Released in 1976, not even two full years removed from Nixon’s resignation, Alan J. Pakula’s film isn’t ripped from the headlines so much as it’s spun out of scribbles in reporters’ notebooks. It’s a film about details – details that when viewed alone had little meaning but that once put together rattled the foundation of America’s government. It’s also, of course, a film about the men who unearthed and sequenced those details – men who, if not for circumstance, would have appeared equally unremarkable. Woodward and Bernstein are for the most part household names now, but they weren’t then, and Pakula’s film, based on a screenplay by William Goldman, doesn’t even begin to suggest the incredible fame (by print journalism standards) that awaited them. Played by Robert Redford and Dustin Hoffman, respectively, Woodward and Bernstein are like a pair of terriers biting at the government’s pant legs and following their noses toward they-don’t-know-quite-what. They are tenacious, but also uncertain, and when they have to face the newspaper’s executive editor, Ben Bradlee (a perfectly cast Jason Robards), it’s usually with their tails between their legs. Woodward and Bernstein don’t look or act like the guys who have it all figured out, because they rarely do. And they don’t act like heroes because it never occurs to them that they might be.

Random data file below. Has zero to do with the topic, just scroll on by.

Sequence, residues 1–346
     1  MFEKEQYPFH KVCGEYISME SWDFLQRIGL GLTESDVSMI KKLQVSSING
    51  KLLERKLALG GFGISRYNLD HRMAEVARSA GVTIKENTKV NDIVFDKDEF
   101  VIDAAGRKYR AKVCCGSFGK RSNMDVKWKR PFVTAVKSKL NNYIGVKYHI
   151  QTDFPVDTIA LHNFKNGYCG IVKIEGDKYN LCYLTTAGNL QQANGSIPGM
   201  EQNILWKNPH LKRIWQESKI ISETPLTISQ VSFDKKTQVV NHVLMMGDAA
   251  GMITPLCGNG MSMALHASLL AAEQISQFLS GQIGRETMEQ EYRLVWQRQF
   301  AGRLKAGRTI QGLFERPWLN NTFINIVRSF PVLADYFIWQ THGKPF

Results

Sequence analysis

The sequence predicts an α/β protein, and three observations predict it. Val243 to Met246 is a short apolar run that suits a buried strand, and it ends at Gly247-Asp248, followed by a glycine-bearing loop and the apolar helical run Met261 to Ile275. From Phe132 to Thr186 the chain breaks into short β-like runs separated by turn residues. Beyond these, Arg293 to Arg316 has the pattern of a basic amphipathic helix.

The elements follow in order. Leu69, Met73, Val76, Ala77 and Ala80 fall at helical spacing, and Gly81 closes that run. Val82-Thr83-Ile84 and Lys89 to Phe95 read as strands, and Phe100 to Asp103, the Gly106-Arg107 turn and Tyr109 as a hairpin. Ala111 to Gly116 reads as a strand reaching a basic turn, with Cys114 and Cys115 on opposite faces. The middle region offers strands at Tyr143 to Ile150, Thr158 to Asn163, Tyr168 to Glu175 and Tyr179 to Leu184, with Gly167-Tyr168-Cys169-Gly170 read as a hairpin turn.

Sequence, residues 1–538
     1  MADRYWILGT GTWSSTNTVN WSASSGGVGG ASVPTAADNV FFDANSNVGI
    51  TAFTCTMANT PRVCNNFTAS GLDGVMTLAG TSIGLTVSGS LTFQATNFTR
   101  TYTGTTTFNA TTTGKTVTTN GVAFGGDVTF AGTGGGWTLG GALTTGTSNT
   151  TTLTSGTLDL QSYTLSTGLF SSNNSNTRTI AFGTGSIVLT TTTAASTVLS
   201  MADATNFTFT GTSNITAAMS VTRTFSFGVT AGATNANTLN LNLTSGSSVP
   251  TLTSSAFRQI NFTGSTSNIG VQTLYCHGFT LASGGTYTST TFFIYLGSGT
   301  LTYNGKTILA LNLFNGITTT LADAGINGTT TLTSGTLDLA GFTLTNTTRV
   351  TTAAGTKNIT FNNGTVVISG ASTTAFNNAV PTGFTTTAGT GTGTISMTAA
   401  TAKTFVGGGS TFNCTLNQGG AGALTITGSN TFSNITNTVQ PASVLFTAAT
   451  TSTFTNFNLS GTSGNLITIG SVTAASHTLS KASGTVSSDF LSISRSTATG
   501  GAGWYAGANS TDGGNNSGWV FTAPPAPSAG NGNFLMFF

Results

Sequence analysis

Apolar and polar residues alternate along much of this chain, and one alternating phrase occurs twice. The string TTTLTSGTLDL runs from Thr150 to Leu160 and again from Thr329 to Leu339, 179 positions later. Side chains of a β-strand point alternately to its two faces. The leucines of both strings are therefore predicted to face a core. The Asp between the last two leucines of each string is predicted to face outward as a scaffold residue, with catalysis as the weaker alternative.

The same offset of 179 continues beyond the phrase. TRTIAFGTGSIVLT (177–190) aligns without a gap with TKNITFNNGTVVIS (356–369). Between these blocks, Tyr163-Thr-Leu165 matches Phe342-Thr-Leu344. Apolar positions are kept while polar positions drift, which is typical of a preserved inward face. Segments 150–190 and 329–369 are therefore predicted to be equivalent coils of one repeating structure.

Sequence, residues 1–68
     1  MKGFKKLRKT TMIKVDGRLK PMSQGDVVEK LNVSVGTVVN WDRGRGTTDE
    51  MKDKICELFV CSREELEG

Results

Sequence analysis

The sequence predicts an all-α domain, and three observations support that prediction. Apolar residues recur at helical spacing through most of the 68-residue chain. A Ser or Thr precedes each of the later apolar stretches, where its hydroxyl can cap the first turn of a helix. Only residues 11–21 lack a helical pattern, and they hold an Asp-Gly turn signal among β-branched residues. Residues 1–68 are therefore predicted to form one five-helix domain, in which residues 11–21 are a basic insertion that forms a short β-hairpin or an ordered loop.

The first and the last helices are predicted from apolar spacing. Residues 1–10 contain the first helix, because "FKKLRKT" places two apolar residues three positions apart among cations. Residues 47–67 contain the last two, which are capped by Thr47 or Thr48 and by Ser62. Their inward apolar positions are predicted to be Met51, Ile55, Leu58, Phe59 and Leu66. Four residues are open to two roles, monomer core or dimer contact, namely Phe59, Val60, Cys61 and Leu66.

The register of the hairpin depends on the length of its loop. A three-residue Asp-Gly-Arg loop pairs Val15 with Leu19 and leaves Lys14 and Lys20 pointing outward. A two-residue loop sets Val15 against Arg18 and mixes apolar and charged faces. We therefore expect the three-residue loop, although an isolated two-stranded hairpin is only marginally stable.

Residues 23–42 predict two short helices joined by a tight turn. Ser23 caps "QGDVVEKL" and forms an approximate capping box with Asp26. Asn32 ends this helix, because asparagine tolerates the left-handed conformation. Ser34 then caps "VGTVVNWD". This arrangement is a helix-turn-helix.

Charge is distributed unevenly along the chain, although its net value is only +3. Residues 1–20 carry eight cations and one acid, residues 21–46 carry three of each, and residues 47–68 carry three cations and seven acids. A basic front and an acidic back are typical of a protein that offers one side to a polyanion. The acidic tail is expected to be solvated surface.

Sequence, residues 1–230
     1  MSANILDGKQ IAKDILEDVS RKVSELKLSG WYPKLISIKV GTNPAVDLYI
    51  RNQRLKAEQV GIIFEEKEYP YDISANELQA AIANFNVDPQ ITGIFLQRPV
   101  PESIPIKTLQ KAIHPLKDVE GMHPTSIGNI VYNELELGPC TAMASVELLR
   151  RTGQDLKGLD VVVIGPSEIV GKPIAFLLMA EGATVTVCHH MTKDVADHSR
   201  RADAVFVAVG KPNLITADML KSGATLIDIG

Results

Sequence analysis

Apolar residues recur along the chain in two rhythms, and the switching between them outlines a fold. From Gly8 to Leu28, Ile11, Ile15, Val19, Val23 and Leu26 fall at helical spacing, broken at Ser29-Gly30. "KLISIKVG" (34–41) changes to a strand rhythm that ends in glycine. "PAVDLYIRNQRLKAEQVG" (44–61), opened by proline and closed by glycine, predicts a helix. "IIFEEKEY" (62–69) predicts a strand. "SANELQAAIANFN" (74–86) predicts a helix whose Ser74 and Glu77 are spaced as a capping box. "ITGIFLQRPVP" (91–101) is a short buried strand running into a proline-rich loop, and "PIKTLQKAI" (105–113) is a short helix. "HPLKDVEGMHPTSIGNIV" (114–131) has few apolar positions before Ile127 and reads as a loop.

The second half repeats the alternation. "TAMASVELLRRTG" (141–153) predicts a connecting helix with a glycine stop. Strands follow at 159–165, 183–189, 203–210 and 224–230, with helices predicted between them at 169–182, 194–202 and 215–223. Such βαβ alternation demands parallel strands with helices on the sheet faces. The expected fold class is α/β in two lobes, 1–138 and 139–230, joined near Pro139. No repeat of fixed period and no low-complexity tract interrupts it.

The film’s cinematography does wonders to accentuate the anonymity of Woodward and Bernstein, as well as the magnitude of their challenge. Over and over, the reporters are shown in vast spaces surrounded by the chaos of indifference. Memorable is the famous scene at the Library of Congress in which the camera hovers just over the heads of Woodward and Bernstein, as they sift through piles of library checkout cards in search of a clue, and then reverse-zooms toward the ceiling, revealing a reading room bustling with routine activity. Just as effective are several shots of “Woodstein” pulling a car out of the parking structure at The Washington Post, the camera again pulling back to suggest their small place within a city of secrets. And of course there are the multiple shots within the newsroom depicting Woodward and Bernstein making their calls and typing their stories from unspectacular desks nearby other reporters at equally unspectacular desks doing more of the same. For the latter, cinematographer Gordon Willis regularly employed a split diopter, capturing in equal focus the reporter in the foreground, usually Redford’s Woodward, and the activity of the newsroom behind him. These shots remind that long before Watergate was an A-1 headline it was buried “in the middle,” just another story fighting for attention.